The year about to end has been the ultimate test of leadership. On the political front, many leaders have dithered and stumbled, incurring the dismay and anger of their constituents. But there are also those who have risen to the challenge. In Asia, many CEOs have proved their mettle by making decisions that are creative and necessary, all the while considering the overall welfare of their companies and stakeholders.
Over the past eight weeks, The Asset editors have interviewed around 30 business leaders, investors, and boards of directors over their pandemic strategies.
On the one hand, corporate leaders are expected to have both a coherent long-term view and a set of effective short-term fixes ready. On the other hand, for all their expertise, they are grappling with many new questions for which they do not have answers.
In this context, The Asset announces the winners of the Best CEO Award for 2020. From the interviews with CEOs who stood the test, the following valuable leadership traits emerged:
Be creative to find the middle ground
Amid the pandemic, creativity matters. In many cases, leaders found themselves in the midst of stakeholders holding opposing positions and needed to come up with a creative resolution to satisfy different parties. Ada Wong, CEO of Champion REIT, was one of them.
Faced with a sudden business downturn due to Covid-19, tenants asked Champion REIT for rental concessions. On the one hand, Wong understood what these desperate tenants were facing. On the other hand, she had to make the topline to pay dividend to unit holders.
Squeezed in the middle, Wong came up with an innovative solution, which was to take the tenant company’s shares as rent, instead of cash. “Given my banking and finance background, I was just joking with a tenant, saying that maybe I should take their listed shares as rent,” recalls Wong. “It turns out that this solution eased the short-term tight liquidity of the tenant and offers us upside potential when the market recovers.”
What began in jest became a reality on April 29 when Champion REIT announced it would temporarily receive listed shares of anchor tenant Union Medical Healthcare (UMH; stock code: 2138) of Langham Place Office Tower in lieu of cash for their rental payment to ease the short-term tight liquidity of the tenant.
Champion REIT is understood to be the only firm among its peers to pioneer this rental settlement, which, instead of creating a conflict, aligns the tenant’s and the property owner’s interests. The idea also provides insights into how financial arrangements can be reimagined to align the interests of disparate stakeholders.
Be bold to make the difficult decisions
When the virus started to spread in Wuhan, Ke Ruiwen, CEO of China Telecom, faced a dilemma. As a responsible employer, he needed to protect employees’ health and safety. Yet, as a responsible telecommunications company in China, it had to support a smooth communication network for the fight against Covid-19.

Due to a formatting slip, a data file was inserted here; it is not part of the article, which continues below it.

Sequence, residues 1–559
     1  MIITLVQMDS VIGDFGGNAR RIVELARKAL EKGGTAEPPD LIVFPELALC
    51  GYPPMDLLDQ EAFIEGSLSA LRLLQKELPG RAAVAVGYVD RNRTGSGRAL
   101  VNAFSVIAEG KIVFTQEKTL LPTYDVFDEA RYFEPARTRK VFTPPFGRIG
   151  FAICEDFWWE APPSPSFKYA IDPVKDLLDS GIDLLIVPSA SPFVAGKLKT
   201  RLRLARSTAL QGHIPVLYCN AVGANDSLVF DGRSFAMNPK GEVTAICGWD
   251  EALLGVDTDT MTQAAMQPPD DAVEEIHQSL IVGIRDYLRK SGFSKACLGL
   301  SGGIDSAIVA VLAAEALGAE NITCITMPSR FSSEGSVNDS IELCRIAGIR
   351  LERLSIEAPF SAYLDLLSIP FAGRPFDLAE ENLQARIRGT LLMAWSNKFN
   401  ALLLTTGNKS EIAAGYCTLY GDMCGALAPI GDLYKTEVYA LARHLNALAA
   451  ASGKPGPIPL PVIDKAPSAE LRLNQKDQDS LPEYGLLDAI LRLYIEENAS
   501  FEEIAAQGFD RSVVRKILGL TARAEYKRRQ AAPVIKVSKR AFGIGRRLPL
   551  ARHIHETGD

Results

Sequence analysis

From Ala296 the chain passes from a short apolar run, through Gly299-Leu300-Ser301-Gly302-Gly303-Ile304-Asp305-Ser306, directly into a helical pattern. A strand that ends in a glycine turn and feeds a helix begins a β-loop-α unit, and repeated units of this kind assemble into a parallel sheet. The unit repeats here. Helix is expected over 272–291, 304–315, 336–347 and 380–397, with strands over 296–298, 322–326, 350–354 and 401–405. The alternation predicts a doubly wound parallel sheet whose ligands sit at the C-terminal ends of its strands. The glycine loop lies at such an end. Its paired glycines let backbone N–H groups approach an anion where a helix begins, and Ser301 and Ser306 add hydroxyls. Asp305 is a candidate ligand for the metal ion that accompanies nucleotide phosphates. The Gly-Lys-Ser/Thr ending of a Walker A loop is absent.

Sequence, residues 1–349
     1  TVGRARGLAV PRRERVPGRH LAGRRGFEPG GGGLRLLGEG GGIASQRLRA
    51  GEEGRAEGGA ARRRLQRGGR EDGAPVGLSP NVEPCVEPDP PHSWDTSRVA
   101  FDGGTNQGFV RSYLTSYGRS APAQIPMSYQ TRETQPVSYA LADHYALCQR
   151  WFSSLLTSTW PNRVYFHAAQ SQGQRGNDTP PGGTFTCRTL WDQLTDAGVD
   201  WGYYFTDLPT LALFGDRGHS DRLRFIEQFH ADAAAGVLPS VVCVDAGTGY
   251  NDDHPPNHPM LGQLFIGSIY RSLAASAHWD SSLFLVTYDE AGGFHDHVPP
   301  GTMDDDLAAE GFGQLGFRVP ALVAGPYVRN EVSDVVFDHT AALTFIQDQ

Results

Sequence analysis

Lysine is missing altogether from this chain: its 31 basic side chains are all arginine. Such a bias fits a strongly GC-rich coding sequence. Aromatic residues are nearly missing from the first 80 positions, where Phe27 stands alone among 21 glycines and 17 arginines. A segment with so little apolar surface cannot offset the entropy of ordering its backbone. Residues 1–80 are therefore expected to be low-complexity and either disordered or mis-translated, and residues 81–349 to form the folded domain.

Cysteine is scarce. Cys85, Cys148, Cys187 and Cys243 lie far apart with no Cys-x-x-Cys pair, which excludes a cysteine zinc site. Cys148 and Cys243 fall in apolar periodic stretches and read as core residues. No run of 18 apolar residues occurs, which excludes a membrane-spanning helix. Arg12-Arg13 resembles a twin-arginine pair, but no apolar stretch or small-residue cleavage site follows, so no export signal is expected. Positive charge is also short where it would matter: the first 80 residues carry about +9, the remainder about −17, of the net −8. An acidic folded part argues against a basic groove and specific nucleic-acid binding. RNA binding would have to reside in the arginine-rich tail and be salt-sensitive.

The situation became more acute when hospital capacity in Wuhan could no longer cope with the outbreak. In response, the central government ordered the construction of two temporary hospitals, Huoshenshan and Leishenshan, and China Telecom was tasked with deploying technicians to set up 5G tower stations and a network to secure reliable connection signals for the two new hospitals.
At the same time, to conform to the public’s right to keep abreast of the construction process, China Telecom set up cameras to broadcast the progress of the building in real time.
Despite taking all possible precautions for his employees (i.e., providing sufficient medical supplies and personal protective equipment), balancing employee’s health and ensuring communication network resilience was one of the most difficult set of decisions Ke had to make during the peak of the pandemic.
In the financial world as well, CEOs also faced tough situations. On March 19, the TAIEX dropped to 8,681.34, prompting many Taiwanese banks to activate stop-loss mechanisms. On the securities trading side, banks had to cut trading positions as suggested by the stop-loss mechanism. However, on the insurance side, the mechanism prompted management to discuss the bank’s next action.
Daniel I. Wu, president of CTBC Holding, had to face tough decisions as well. The credit department wanted Wu to cut positions, yet Wu knew that even if the firm cut positions, the converted cash had to be invested in other securities. And given the market situation, such conversion could be trivial. “I made the decision not to cut any positions on the insurance side, and I reported it to the insurance and financial holding company board myself right away,” Wu says. As the only one responsible for the decision, Wu half-jokingly tells The Asset, “I know that if I was wrong, I would not be sitting with you and talking to you now.”